Analyzing Paired Data: Estimating a Mean Difference
Chapter 9  Day 8  Lesson 9.5
Chapter 9
Day 1
Day 2
Day 3
Day 4
Day 5
Day 6
Day 7
Day 8
Day 9
Day 10
Day 11
Day 12
Day 13
All Chapters
Learning Targets

Use a graph to analyze the distribution of differences in a paired data set.

Calculate the mean and standard deviation of the differences in a paired data set, and interpret the mean difference in context.

Use the fourstep process to construct and interpret a confidence interval for the true mean difference.
Activity: Does memory training help?
Activity:
Answer Key:
The last type of analysis we will be doing this chapter is matched pairs. Students often have trouble differentiating between matched pairs and two sample means. It’s important to really focus on how with matched pairs there is only one sample but each individual is yielding two pieces of data as opposed to two samples with each individual yielding only one piece of data.
Matched pairs is often used with experiments so we are going to conduct an experiment with the students. We’re going to investigate whether particular memory strategies will help students to remember more words.
To setup the activity you will need copies of both the memory strategy instructions and both lists of words for each student. Randomly assign half the students to receive memory strategy A first. The other half will get memory strategy B (quizzing). You can also randomly assign the Random Word Lists if you’d like. The word lists should be equally challenging to remember. Make sure you explain to students that they can only use the strategy they were given.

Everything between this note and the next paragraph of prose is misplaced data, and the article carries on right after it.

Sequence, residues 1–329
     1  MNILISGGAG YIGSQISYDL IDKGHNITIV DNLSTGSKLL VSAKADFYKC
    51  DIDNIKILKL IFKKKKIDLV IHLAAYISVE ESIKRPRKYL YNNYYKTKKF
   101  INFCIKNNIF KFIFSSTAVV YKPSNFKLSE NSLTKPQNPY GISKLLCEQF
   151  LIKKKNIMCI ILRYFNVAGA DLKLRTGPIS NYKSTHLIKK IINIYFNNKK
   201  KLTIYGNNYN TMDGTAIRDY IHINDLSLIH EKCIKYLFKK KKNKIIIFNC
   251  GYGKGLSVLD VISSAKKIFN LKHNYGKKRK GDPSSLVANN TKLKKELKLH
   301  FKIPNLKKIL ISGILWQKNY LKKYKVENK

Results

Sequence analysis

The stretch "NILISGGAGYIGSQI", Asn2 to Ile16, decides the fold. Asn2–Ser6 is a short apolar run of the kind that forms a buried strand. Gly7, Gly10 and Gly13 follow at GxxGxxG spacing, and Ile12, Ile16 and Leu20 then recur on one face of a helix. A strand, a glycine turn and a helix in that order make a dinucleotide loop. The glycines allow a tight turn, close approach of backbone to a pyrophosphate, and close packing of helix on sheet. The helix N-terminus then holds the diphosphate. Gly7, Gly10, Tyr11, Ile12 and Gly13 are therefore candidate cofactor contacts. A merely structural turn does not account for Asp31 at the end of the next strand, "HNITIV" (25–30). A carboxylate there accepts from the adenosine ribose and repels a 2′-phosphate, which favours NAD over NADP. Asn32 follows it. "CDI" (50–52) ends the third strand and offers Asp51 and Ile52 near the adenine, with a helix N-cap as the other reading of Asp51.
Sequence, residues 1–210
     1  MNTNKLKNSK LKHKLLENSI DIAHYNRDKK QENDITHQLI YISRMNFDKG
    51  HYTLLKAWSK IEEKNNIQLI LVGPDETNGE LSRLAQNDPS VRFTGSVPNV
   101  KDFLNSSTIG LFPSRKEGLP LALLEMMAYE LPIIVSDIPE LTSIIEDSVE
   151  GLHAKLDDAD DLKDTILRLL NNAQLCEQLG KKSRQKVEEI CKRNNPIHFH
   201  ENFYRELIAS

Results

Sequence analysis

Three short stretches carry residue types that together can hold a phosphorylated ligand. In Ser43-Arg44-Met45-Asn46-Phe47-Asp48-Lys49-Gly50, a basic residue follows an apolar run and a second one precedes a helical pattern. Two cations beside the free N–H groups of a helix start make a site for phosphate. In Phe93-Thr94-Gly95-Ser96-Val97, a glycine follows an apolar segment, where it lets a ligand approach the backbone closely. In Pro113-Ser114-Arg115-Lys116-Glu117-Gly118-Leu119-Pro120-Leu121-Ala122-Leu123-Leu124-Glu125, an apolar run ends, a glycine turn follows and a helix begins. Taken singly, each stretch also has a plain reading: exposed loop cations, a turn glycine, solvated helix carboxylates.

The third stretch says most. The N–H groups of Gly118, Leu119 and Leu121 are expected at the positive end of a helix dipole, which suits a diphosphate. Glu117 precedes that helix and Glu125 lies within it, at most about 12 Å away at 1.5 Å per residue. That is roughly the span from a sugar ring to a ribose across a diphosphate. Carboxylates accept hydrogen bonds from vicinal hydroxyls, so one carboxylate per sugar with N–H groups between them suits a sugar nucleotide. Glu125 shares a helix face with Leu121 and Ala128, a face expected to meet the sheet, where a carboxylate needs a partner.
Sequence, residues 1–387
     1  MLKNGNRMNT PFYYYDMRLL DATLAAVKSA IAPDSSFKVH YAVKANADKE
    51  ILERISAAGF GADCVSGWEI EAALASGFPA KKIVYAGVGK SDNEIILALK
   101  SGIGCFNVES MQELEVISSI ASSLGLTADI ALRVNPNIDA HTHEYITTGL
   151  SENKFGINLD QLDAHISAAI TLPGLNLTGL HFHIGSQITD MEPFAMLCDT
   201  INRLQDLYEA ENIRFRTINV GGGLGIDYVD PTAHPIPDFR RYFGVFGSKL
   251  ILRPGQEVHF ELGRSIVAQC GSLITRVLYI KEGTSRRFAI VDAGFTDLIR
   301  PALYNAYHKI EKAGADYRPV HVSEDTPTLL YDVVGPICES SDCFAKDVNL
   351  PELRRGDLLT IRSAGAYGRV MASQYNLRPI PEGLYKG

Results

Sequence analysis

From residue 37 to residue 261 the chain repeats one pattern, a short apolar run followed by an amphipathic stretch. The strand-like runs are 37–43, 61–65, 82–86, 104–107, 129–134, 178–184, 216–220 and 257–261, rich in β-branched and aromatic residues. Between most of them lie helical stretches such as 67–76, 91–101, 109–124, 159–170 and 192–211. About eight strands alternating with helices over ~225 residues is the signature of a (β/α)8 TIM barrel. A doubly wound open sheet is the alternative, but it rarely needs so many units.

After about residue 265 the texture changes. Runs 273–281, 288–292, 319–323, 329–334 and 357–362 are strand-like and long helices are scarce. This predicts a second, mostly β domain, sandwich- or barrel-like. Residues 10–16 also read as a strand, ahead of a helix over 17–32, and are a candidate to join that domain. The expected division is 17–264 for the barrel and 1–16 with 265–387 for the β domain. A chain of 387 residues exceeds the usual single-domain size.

Give the students 3 minutes to study the list of words using their memory strategy. Then students should write down as many of the words as they can remember. Then repeat the process with the other strategy. Students need to subtract the number of words they memorized, and add their data to the table on the board. Make sure that students keep straight which strategy is which.
Enter the class data into the applet and copy the dotplot. Make sure to spend some time with students looking at both the positive and negative sides of the dotplot and discussing what the dot represent.
The good news is that once the data has been converted to the differences, we now are working with a 1 sample mean difference which is the same as what we did in chapter 8. Encourage students to work through the rest of the activity in their groups from memory, but if necessary they could look through their old notes. After students calculate the confidence interval, they need to think about what it tells them about the strategies. Does the interval contain zero? If not, which strategy helped students to remember more words?